Eastern Shore Network for Change honored
CAMBRIDGE — The Eastern Shore Network for Change continues to build off its momentum gained from the July 2017 “Reflections on Pine” events, and the work of the organization has gained attention from Annapolis.
This July, Winston Wilkinson, chief of staff for the Governor’s Office of Community Initiatives, presented ESNC founders Dion Banks and Kisha Petticolas with a Governor’s Citation for the work the organization does for the community.
“The Eastern Shore Network for Change does a great job of raising awareness for community related issues affecting Dorchester County and its residents through creative works aimed at information and educating while empowering both social and economic change,” Wilkinson said.
During a four-day “Reflections on Pine: Cambridge commemorates civil rights, community and change” event in July
2017, ESNC honored Harriet Tubman, Gloria Richardson Dandridge, Fred Jackson and Mayor Victoria Jackson-Stanley for challenging the status quo in Cambridge, today and in generations past.
The 2017 event also featured a presentation by “Civil War on Race Street” author Dr. Peter Levy who showed the July 1967 fire, which devastated the African-American community in Cambridge, was not caused by a riot, but was due to the fire department not coming to put the fire out.
“It is an honor for the governor’s office to honor our work,” Banks said. “We are telling Maryland’s story, and reclaiming Maryland’s narrative. We are positioning people to show how Maryland played a role in national politics.”
ESNC also provides scholarships, community support and educational opportunities.
In February, Maple Elementary School student Josiah Harris received a scholarship from ESNC and the Cambridge Elks to attend a week-long STEM education program at the University of Maryland. Later the same month, Petticolas, Banks and Jackson-Stanley visited Ethiopia to speak about civil rights in Dorchester County.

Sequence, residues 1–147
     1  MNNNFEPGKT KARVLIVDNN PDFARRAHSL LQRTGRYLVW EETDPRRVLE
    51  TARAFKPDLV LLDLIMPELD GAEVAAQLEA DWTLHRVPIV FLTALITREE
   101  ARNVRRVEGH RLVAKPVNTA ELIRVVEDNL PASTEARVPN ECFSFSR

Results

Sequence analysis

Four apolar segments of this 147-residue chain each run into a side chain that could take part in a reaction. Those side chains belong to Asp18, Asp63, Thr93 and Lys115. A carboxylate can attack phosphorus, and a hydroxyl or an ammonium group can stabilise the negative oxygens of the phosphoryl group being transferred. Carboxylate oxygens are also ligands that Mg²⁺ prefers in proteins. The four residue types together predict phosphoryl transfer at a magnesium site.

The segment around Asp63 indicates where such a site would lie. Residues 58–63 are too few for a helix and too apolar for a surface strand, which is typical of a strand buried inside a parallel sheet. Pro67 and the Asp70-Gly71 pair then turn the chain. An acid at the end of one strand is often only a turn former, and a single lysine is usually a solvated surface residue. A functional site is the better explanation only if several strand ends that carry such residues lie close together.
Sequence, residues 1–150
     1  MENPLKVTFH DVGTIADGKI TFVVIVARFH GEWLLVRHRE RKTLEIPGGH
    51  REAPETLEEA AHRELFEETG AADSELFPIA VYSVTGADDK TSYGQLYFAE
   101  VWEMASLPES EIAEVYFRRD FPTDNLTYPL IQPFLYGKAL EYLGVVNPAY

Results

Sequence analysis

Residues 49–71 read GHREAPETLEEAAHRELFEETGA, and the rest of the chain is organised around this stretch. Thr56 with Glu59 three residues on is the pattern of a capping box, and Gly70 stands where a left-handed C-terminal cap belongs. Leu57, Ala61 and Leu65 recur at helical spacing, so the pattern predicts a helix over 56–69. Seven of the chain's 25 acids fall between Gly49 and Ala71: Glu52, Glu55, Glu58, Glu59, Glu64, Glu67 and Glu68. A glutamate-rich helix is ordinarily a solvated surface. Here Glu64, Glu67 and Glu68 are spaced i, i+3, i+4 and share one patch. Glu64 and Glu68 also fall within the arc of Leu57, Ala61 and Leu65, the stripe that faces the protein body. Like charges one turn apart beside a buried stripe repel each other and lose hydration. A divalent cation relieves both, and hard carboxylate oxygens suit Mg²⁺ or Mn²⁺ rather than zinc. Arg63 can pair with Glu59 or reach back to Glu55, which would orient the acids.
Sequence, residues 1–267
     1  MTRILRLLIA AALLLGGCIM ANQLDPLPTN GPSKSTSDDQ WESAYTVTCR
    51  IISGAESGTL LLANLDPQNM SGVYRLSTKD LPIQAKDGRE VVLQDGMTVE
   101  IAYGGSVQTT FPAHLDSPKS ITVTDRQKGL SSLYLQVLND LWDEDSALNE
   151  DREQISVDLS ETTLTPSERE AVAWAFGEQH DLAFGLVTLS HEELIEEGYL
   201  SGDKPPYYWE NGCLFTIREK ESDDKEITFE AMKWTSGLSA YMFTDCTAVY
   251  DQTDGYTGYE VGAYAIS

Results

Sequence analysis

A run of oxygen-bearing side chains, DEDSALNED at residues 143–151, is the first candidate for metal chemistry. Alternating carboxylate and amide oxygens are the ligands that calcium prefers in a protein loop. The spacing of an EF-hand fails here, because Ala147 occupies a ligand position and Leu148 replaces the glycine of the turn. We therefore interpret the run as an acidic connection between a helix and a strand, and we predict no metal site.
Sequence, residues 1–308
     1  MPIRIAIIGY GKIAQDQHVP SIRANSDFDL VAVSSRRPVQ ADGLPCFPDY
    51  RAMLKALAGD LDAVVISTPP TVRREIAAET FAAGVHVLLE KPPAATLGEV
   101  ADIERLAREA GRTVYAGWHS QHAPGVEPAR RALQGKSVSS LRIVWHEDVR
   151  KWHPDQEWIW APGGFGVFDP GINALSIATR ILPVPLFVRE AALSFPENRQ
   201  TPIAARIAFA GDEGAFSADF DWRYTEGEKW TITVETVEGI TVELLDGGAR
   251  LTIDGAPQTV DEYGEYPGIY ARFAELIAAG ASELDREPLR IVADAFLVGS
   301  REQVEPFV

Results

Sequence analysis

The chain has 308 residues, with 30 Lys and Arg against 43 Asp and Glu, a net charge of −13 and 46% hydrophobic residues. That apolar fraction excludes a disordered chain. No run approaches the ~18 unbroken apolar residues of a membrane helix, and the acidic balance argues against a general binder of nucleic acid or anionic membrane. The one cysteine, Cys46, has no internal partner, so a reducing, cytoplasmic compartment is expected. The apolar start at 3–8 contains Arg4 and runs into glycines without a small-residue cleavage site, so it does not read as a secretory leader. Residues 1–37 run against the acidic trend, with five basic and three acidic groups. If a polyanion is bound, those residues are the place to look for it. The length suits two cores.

The organization supported the inaugural Groove City Culture Fest in August on Pine Street. With support from the Dorchester County Health Department, ESNC created The Pine Street Walking Tour A Story of Community, Faith, Hope and Change.
The tour includes 14 stops on High, Pine, Cedar, Race and Poplar streets to highlight African-American heritage in Cambridge.
“It is incredible humbling Gov. Larry Hogan would recognize our work over this last year here in Cambridge,” Petticolas said. “We hope that this attention to our projects brings attention to the Pine Street community, and helps to foster the change we are working so hard to create.”
Eastern Shore Network for Change’s newest initiative is the first-ever book club, “The Year of Reading.”
There will be four books in the first year of the book club. The first book to be discussed will be Levy’s “Civil War on Race Street.” The author will come to Cambridge on Thursday, Sept. 20, and that discussion will be broadcast live on Facebook.
“We are excited to be able to bring authors to our community to discuss their works,” Banks said. “We are hoping that these discussions will be unique opportunities for our community to come together and exchange ideas.”
Local organizations have signed on to help with this endeavor, including Dorchester County Public Schools and the Dorchester County Library.
ESNC’s mission is to raise awareness of issues in Dorchester County and to work creatively with the community to inform, educate and foster change that leads to social and economic empowerment. For more information visit www.esnccambridgemd.com.
For more information about The Pine Street Walking Tour, visit www. visitdorchester.org/wpcontent/uploads/PineStWalkingTour.pdf.
Governor’s Office of Community Initiatives Chief of Staff Winston Wilkinson presents the Eastern Shore Network for Change Dion Banks and Kisha Petticolas with a Governor’s Citation.